Another Practice Group member took a different view. “We prefer to go agreement by agreement and explain what each section covers.”

Most practice group members work with two to five carriers, with Travelers, Hanover and The Hartford being among the most popular.

If you are considering a new carrier, one member stressed, ask about its training and track record in breach response. “It’s hard to demonstrate that on a policy form, but the value of good breach response is immense. We should highlight the carrier’s record when we are selling cyber liability coverage.”

Most carriers are willing to make changes or additions to forms upon request. “The problem is knowing what to ask for,” one person said.

Court Cases

  • A recent high-profile case involved New York-Presbyterian Hospital, which allowed unauthorized filming of two patients for a television series. The hospital previously was fined $3.3 million after health information was placed on a shared date network accessible on the Internet.
  • The decision in Carpenter v. United States, in which the Supreme Court heard oral arguments last month, is expected to have a major impact on privacy laws. The specific issue here is whether a law enforcement agency can obtain cell phone records showing a caller’s location without a warrant.

The Cyber Liability Practice Group meets on the third Tuesday of the month at 8:00 AM Pacific time (11:00 AM Eastern).

 

Coping with Depression, No. 1 Cause of Disability

Although depression is the No. 1 cause of illness and disability, workers are too often fearful of seeking help from employee-sponsored programs. More education is needed to remove the stigma attached to mental illness, members of the Wellness Practice Group agreed at their recent teleconference.

“We focus on prevention with diseases such as cancer and diabetes,” one person said. “Why are we waiting until people are on the edge with mental illness?”

One client offers “points” for contacting the Employee Assistance Program. “Lunch and Learn” sessions, stressing that EAPs can assist with issues ranging from elder care to legal matters, are helpful in removing the reluctance to contact the program.

“I contacted our EAP when my father was in hospice,” one person said. “I got a box full of useful material and I took it to work so my colleagues could see what was available to us for free.”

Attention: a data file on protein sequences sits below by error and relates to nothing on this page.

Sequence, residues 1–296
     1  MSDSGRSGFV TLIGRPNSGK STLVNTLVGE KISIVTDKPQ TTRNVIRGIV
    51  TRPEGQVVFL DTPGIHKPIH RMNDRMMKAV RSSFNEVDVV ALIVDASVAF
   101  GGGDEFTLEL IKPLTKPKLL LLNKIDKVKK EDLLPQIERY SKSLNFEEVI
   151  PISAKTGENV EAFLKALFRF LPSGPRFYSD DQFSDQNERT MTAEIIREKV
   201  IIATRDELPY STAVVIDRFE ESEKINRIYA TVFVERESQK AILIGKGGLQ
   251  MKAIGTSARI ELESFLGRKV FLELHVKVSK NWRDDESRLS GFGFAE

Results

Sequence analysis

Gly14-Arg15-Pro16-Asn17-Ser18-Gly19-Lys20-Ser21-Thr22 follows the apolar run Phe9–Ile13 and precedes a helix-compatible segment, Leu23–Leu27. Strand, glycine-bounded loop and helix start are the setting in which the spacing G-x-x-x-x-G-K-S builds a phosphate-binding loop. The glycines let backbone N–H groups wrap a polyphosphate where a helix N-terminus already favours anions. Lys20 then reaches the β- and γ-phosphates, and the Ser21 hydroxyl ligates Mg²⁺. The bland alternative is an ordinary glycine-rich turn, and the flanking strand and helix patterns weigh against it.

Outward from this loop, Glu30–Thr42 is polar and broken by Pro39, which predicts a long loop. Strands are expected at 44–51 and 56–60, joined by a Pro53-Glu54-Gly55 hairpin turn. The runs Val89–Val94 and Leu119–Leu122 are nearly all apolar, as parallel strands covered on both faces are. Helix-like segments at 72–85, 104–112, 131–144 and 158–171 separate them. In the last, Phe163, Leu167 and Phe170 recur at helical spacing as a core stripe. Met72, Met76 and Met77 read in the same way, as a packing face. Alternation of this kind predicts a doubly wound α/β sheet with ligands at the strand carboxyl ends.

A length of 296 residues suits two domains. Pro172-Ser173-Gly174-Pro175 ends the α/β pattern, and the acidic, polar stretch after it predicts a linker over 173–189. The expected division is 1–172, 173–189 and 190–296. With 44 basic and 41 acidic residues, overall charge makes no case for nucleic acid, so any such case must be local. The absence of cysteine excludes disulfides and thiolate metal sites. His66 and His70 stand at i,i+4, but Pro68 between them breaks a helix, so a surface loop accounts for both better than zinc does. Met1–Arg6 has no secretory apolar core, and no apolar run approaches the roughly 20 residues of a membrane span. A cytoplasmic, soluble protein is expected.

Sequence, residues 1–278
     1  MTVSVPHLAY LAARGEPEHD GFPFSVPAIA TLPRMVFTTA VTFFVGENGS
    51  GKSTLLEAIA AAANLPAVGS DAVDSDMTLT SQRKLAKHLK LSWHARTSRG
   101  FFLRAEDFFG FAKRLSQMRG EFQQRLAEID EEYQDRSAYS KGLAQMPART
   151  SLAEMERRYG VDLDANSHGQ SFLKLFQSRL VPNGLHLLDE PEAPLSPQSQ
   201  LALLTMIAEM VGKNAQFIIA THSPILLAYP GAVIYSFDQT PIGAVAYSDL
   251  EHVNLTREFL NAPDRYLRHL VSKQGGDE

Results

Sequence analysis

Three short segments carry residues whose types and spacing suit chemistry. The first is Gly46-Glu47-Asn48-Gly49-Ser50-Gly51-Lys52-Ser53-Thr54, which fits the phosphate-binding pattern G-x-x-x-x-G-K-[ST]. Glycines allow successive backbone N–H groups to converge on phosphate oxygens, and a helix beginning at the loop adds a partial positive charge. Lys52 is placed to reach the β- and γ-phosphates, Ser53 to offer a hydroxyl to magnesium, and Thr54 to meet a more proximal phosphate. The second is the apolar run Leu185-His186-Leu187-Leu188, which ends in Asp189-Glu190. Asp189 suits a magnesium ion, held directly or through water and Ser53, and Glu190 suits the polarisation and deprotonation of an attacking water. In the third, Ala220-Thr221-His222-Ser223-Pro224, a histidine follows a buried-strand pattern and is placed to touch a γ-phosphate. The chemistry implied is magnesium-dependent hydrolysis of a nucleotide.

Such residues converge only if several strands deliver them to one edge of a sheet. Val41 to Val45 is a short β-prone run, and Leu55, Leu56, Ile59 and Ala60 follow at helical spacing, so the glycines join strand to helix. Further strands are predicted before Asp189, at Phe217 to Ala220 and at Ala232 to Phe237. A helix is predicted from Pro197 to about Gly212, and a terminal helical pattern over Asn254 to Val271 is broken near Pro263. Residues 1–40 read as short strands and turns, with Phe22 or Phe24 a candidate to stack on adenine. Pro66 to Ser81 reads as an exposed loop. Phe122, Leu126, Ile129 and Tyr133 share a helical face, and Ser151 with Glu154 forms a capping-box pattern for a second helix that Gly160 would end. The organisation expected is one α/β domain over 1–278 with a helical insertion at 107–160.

Among the resources mentioned are the following:

 

Expect Higher Penalties, New Safety Program Requirements from OSHA

Penalties for OSHA violations are expected to increase again – on top of an increase of approximately 78 percent that went into effect on Aug. 1, 2016. The penalty for “willful” repeat violations, for example, increased from a maximum of $70,000 to $124,709.

Milwaukee attorney Eric Hobbs, of Ogletree, Deakins, Nash, Smoak & Stewart, P.C., talked to the RPNI Loss Control Practice Group about current issues in OSHA regulations, including the new electronic injury reporting/recordkeeping rule and anti-retaliation provisions. Hobbs is part of the workplace safety employment group of the firm, which specializes in labor law.

OSHA has taken the position, he said, that automatic post-incident drug testing deters employees from reporting injuries. As a result, employers may not use drug testing or the threat of drug testing as a form of adverse action against employees who report injuries. Blanket post-incident drug test is prohibited.

Although blanket drug-testing is prohibited, testing is appropriate if there is a reasonable suspicion that drug use may be involved. The challenge is to explain why drug-testing did not take before an accident if the employer had a reasonable suspicion of drug use.

Consider Effectiveness of Safety Incentives

Safety incentive programs also are a concern. OSHA states that if programs are “not structured carefully, they have the potential to discourage reporting of work-related injuries and illnesses without improving workplace safety.”

For example, monetary bonuses, gift cards or perks for accident-free periods may deter a reasonable employee from reporting a work-related injury or illness. A better approach is to find incentives to promote participation in safety-related activities, such as identifying hazards or participating in investigations of injuries, incidents and “near misses.”

Requirements for electronic reporting of injuries and illnesses are being phased in this year.

“Not Dead and Not Going to Be”

Despite the changes in the federal administration, OSHA “is not dead and it is not going to be dead,” Hobbs said. “We want regulations both because we are care and because we don’t want other companies to have a competitive advantage by saving money from failing to protect workers’ safety and health. It is both a legal matter and a moral matter.”

Another current concern, he added, is expected new rules on silica, which is “everywhere from soft drinks to road-building operations.”

What should employers do?

  1. Prepare to file reports by Dec. 2.